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Last Updated on August 7, 2019, by eNotes Editorial. Word Count: 670

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"Roger and I," observed my mother, "have been studying the ideas of J. J. Rousseau. As you know, he believes that true happiness can only be enjoyed by man in a state of nature."

Roger Byam's mother says this to Bligh when they first meet. Bligh was friends with Byam's deceased father. Byam and his mother have an interest in the French philosopher Rousseau, who believed that people were only happy in a state of nature and that civilization imposed restraints on people that made them unhappy. This interest explains why Byam is interested in going to Tahiti and helps explain why he finds Tahiti to his liking. The freedom of Tahiti is juxtaposed with the harshness of Bligh's discipline on the Bounty.

"Christian was what women call a romantic-looking man; his moods of gaiety alternated with fits of black depression, and he possessed a fiery temper which he controlled by efforts that brought the sweat to his brow. Though only a master's mate, a step above a midshipman, he was of gentle birth—better born than Bligh and a gentleman in manner and speech."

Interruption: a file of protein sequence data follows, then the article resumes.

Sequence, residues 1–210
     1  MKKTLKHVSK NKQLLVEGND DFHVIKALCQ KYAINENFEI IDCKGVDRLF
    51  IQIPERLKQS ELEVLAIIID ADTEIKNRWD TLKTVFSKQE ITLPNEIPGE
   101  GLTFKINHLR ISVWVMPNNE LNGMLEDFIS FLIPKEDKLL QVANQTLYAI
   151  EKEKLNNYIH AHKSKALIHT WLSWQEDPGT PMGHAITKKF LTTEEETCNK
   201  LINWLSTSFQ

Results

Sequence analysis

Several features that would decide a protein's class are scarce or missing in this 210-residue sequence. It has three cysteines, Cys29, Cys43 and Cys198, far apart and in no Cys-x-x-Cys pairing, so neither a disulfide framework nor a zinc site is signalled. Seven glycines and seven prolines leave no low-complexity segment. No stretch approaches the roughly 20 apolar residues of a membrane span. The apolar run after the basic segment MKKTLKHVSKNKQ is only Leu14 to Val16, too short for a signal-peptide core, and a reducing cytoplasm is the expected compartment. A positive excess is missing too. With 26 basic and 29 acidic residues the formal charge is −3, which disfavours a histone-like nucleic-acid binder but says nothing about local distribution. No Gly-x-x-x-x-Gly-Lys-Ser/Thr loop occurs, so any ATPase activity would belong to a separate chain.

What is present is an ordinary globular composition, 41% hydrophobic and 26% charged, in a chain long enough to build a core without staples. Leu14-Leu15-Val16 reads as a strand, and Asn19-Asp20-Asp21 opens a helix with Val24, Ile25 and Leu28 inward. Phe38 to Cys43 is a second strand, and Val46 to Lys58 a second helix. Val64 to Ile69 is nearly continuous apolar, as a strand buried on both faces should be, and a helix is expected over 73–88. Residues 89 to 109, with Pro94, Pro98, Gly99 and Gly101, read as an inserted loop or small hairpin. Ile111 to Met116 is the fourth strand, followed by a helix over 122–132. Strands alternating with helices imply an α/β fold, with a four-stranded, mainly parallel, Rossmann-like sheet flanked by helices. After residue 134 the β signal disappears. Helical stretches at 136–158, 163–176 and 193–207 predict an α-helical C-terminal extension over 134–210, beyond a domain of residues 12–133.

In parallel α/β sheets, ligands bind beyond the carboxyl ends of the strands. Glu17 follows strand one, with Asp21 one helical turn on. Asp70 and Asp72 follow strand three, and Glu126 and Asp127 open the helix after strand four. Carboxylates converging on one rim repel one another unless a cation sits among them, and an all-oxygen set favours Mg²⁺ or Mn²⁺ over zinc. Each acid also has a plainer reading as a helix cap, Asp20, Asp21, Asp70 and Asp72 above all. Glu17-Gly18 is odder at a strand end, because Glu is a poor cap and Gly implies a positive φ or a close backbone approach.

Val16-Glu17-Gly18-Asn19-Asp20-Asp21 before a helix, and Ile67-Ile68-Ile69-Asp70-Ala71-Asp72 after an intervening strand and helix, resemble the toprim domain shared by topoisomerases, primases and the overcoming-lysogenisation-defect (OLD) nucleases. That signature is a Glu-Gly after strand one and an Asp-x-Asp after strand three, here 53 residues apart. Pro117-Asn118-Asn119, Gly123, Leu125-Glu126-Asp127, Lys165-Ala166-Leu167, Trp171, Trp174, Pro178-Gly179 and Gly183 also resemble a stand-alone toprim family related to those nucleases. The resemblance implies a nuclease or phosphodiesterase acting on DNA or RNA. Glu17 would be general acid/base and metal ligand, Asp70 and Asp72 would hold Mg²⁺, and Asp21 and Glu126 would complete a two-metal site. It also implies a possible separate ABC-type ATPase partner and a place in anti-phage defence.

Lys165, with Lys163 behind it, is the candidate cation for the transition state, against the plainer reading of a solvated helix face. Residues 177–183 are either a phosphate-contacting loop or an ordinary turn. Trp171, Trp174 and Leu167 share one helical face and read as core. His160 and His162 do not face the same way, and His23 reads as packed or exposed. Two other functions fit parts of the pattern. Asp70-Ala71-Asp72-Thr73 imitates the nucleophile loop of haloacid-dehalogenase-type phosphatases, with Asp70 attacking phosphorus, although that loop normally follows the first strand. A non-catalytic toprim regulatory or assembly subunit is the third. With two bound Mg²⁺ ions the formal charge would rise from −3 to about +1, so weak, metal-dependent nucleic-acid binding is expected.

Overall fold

This is Byam's first description of Fletcher Christian, one of the officers on board the Bounty. He is described as somewhat mercurial and impulsive and is a romantic figure. He is of a higher class than Bligh and is a gentleman, and Bligh resents Christian for being more elite than he is.

"Waste no more time in complaints, for you will get no redress! I am the only judge of what is right and wrong. Damn your eyes! I'm tired of you and your complaints! The first man to complain from now on will be seized up and flogged."

Early on in the voyage, the men in the crew begin to complain because they think they are being deprived of their full rations of meat, and they are forced to eat pumpkin instead of bread. Captain Bligh responds to their complaints with the promise to flog them if they complain. The officers in particular begin to grumble, as they believe the captain and his clerk have stolen from the victuals of the ship. The crew lives in a state of constant hunger, making them more likely to mutiny.

"Seen for the first time by European eyes, this coast is like nothing else on our workaday planet; a landscape, rather, of some fantastic dream."

Byam is intrigued by Tahiti when he first sees it. He begins to live a life...

(The entire section contains 670 words.)

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